2016 is going to be a special year in my life. There was an article on Oscar awards a while ago – on reasons why the oscar is the most watched awards ceremony around the world. No, it is not just because of movie stars. Everyone, secretly or publicly – longs for their ‘oscar’ moment. The moment when the world (or the equivalent of the ‘world’, a lot of people) would get to see who they are and what they did, and give them kudos for it. Not all of those people get to achieve that moment.
Many of us do not work in environments that are exposed to public scrutiny. Some companies offer ‘outstanding employee’ awards which come close to a form of public recognition- but are usually ridden with politics in how they are awarded. Personally – I have received two awards like this in places I worked at – I promptly got rid of the trophies after I left their employment. There was too much jealousy/back stabbing and politics surrounding it, many of which was revealed openly and not even private or polite. The memories associated with these were not pleasant or rewarding – and it often felt like a feeling of awkwardness for a long time later. I do not say work related awards do not mean anything – they do and must be appreciated, but they also do generate a lot of tension and politics in most places. The need for recognition and having ‘oscar moments’ though, is human and universal. Some people are able to get it met. For others, we have to dig deeper to find other ways of getting our needs for recognition – or , perhaps do work that is its own reward.
Part of the reason I started to work in community was that it was proactive work or service to people. It has no titles attached, no $$ attached, and it is a lot of hard work. It is work with people who do it because they enjoy doing it and nothing else.I wanted to be around that kind of people, and I wanted to grow that feeling in me – of finding rewards in what I do, not waiting for someone to call me out or give me something in return. This year was 10 years since I started the Louisville SQL Server User group – which started in the public library in 2005 with 12 people in attendance. Soon after that I also started running SQL Saturdays, we clocked 8 of them this year. I can’t claim to have been supremely happy all through these years – i’ve had my frustrations and low moments with it, but I did get a glimpse of doing work for the joy of work alone, serving people and working with others who thought and believed likewise.
My oscar moment came without asking – during the summit this year. I was given the PASSion award – the highest honor for a PASS volunteer for outstanding service, this year. The award was presented by PASS president Adam Jorgenson at a ceremony in front of a huge audience of 5000+ people. I was congratulated by hundreds of people – many of whom I do not know or have never met personally. It was a huge, huge honor and one that am still coming to terms with. There are many people I want to thank for this..the list is long, but there are some I can and must single out – as people who have inspired me to stick with community work as its own reward.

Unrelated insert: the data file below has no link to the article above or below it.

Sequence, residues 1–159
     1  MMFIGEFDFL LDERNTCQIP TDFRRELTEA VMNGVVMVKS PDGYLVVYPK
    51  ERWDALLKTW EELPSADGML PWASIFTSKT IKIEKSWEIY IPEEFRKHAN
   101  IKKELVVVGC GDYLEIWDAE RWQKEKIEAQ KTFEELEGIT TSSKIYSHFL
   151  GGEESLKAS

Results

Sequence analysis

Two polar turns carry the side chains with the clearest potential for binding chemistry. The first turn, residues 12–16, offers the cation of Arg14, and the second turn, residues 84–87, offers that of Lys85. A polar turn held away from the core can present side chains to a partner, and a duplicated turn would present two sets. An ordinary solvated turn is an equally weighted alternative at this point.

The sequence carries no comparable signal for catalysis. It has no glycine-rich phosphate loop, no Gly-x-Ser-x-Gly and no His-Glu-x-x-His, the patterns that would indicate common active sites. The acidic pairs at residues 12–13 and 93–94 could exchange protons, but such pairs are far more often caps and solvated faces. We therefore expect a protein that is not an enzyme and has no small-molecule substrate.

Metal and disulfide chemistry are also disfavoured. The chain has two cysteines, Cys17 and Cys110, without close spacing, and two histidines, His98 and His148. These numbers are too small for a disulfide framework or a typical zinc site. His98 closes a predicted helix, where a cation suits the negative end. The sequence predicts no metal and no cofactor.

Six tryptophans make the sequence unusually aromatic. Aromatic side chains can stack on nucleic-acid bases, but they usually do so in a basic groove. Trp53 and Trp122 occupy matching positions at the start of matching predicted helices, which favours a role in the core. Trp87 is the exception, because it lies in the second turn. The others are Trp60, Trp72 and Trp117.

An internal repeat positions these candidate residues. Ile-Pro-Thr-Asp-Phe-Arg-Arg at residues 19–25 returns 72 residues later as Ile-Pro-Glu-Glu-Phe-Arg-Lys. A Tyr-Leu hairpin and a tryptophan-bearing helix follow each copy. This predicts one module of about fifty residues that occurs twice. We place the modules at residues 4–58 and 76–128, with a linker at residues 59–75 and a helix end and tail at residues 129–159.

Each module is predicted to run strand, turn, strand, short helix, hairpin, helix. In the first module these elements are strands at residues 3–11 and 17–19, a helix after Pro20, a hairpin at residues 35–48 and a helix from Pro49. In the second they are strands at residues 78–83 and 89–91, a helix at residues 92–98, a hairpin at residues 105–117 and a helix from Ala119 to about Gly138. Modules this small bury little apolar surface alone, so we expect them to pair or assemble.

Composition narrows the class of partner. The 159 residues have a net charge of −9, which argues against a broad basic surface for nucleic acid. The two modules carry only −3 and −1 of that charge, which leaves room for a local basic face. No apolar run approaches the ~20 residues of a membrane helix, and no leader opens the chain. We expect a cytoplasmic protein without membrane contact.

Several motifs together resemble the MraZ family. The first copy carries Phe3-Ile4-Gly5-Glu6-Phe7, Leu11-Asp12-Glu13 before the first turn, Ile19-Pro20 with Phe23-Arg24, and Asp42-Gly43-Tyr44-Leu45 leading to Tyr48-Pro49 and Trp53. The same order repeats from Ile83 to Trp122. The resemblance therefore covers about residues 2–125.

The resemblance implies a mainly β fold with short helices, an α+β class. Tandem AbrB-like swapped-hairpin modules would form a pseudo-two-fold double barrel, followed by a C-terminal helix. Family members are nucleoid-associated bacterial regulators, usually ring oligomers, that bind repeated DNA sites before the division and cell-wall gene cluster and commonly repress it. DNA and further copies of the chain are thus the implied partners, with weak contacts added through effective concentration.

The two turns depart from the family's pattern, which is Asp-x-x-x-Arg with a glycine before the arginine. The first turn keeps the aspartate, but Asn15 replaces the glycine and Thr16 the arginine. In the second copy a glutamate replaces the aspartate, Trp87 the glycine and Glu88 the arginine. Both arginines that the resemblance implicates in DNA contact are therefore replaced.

Kevin Kline – one of the founder leads of the PASS organization itself – he has educated me with many stories of the hard work and thought that went into the early days of the organization. He is always there for me as friend, mentor and guide.
Karla Landrum – would have been impossible for me to run so many events without Karla’s rock solid support to lean on. I’ve cried on her shoulder many, many times when I’ve been frustrated and tired – she has been there for me always as a true friend and guide. I will miss her dearly in the years to come.
Rob Farley – when I had some real moments of frustration some years ago with things not going well – Rob helped me understand the real purpose and meaning of community work, and to remember that it was often meant to be its own reward. Rob’s sense of humor and spirit helped me persist with what I was doing and got me where I am today.
Jes Borland – I met Jes on SQL Cruise six years ago. She and I are as different personalities as chalk and cheese (she is the cheese in that anology) – but she is on top of the list of SQL women I look up to – for sensitivity, understanding, guidance and just pure fun.
Thank you to all of you, and to the PASS Organization – for making my oscar moment happen. Not everyone gets to experience it – it is life altering, and it is a blessing of pure love and regard that is very hard to find elsewhere. I am humbled and hope to continue to live upto it.